4. atferrari

    AAC Fanatic!

    Jan 6, 2004
    2,648
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    Hola rakesh,

    Do you deliver abroad?
     
  5. takao21203

    Distinguished Member

    Apr 28, 2012
    3,577
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    Classical 8bit computers in my opinion are no longer appreciate.

    For instance you draw lines on a small LCD, and you can draw let say 500 small lines each second using an 8bit CPU.

    A STM32 board can draw maybe 30000 lines each second.

    You should always make calculations (Excel etc.) how many lines you get for each dollar, or how many cents each line costs.

    FPGA is way overdoing thing for a 8bit CPU.

    Or do you want to use a software core at higher frequency? Powerful FPGAs are not exactly cheap.

    If you want to build a computer with 8bit CPU, do away with everything.

    The EPROM, the parallel USART, the PAL/GAL stuff, the 74xx logic gates, and the memory banks.

    Use a large PIC, and one memory chip only.

    Or a CPLD and only a smaller PIC for I/O. PICs offer much more value for USART and USB, and they even have their own memory + computing capability.

    Use the PIC as bootloader from an EEPROM or serial FLASH (for instance).

    Make Excel sheets and see what gives you the lowest cost for each line drawn per second.

    If you keep board cost low, you also have lower inventory cost, more people can buy your PCB it's a lower risk.

    Investing into powerless silicon is not the right thing, even if you want a real-world authentic 8bit CPU.

    Think a CPLD is small but still very complex. It could be used to translate I/O, to buffer, to replace several latches and logic ICs. A CPLD for instance can translate a serial stream into a parallel bus.

    An FPGA can host a complete software CPU core!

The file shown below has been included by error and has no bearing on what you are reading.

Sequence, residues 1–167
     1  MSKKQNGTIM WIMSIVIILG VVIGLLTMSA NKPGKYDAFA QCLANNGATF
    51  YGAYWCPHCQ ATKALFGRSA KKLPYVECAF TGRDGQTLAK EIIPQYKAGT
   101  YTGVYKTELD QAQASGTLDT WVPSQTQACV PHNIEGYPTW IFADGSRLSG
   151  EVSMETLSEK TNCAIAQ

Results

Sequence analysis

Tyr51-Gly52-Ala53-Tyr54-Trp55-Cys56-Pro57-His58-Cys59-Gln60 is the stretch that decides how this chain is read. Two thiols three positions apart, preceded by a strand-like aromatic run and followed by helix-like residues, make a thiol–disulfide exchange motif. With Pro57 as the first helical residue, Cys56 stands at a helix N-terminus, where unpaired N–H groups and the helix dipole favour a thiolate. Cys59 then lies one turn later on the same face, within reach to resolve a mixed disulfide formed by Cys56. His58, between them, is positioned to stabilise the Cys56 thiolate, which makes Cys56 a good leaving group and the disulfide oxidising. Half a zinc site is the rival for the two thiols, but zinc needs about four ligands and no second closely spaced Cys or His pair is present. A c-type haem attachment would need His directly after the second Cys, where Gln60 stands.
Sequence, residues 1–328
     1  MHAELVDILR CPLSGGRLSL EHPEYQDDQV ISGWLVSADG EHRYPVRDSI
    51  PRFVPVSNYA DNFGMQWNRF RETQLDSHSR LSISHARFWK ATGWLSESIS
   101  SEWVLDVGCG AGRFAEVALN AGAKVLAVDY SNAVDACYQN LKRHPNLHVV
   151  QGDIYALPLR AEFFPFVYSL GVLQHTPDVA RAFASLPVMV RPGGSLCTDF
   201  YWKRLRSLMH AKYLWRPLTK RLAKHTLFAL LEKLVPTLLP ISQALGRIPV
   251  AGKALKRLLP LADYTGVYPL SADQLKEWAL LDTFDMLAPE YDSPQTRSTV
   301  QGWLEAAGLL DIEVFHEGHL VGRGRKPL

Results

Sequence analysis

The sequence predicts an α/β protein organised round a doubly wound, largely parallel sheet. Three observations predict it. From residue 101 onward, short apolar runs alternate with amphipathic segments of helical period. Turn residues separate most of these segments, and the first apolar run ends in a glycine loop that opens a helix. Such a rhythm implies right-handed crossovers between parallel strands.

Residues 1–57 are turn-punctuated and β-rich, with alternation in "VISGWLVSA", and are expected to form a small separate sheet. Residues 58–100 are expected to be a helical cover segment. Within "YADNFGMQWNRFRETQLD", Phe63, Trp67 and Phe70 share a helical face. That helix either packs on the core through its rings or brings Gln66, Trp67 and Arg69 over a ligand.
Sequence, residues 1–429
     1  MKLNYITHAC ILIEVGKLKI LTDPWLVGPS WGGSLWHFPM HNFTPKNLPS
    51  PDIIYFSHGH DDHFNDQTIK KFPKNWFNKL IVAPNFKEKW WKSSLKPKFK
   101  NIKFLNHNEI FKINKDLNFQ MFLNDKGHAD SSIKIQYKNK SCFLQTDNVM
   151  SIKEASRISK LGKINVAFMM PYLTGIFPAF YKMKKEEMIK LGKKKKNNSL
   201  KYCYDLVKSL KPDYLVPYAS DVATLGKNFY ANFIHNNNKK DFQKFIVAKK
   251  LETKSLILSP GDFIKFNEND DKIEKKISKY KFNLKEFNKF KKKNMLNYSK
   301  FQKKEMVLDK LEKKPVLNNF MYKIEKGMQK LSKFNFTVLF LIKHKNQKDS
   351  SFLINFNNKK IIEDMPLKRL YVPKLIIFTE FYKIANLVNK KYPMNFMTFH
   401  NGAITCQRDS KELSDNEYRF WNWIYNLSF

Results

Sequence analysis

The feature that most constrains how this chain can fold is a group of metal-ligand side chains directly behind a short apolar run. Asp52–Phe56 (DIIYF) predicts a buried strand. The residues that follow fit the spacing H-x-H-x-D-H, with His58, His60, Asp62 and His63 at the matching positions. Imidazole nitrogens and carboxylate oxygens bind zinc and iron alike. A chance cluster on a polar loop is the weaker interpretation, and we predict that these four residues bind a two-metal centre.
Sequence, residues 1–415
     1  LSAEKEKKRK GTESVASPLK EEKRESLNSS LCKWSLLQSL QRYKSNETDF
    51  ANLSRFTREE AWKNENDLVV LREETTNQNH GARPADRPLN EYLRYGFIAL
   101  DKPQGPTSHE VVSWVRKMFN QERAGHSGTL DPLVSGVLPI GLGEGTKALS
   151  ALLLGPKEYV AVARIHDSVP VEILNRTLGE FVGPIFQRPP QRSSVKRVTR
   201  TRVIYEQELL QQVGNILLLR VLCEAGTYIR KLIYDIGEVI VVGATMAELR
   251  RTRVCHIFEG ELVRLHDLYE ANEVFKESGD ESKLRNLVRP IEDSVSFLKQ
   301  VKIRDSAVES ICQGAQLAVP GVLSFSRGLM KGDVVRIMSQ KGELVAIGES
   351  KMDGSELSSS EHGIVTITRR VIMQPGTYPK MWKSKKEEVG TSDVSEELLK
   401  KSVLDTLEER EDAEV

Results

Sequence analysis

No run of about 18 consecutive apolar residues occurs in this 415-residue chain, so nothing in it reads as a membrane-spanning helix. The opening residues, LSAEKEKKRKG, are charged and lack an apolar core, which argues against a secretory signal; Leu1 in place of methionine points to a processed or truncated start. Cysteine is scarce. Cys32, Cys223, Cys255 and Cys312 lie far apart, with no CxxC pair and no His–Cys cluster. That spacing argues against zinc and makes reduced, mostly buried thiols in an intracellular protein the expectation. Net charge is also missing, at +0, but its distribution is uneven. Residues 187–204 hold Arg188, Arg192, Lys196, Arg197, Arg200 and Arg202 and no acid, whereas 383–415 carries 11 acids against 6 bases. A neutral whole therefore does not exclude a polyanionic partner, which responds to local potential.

If you want max. lines per dollar, look at PIC32 or STM32 ready made boards or the Raspberry PI.

    Considering that, lower the cost per line as much as possible or it is just a waste of resources.

    Or consider a complete software emulation on a STM32, PIC32 or Raspberry PI.

    You can for instance emulate a 7 MHz Amiga (68000) on a Pentium with 500 MHz and it is many times faster and even includes the custom chips.

    So 170 MHz (STM32), 80 MHz (PIC32) or 700 MHz (PI) give you certain emulation capabilities especially for a 8bit CPU.
     
  6. JMac3108

    Active Member

    Aug 16, 2010
    349
    66
    Maybe include a UART and RS-232 transceiver so that you can communicate with an external computer with a serial port.

    In many contexts the the serial port is a thing of the past. But in the embedded microcontroller world its still alive and well. I always include a serial port in my micro-controller designs so that I can communicate with an external PC for debugging and testing purpses. You can use a simple terminal emulator program like Hyperterm or RealTerm on the PC side. If you have a PC without a serial port, a $10 USB-to-RS232 dongle will do the trick.

    Also, a serial port is often a good solution for communication between seperate boards inside a system.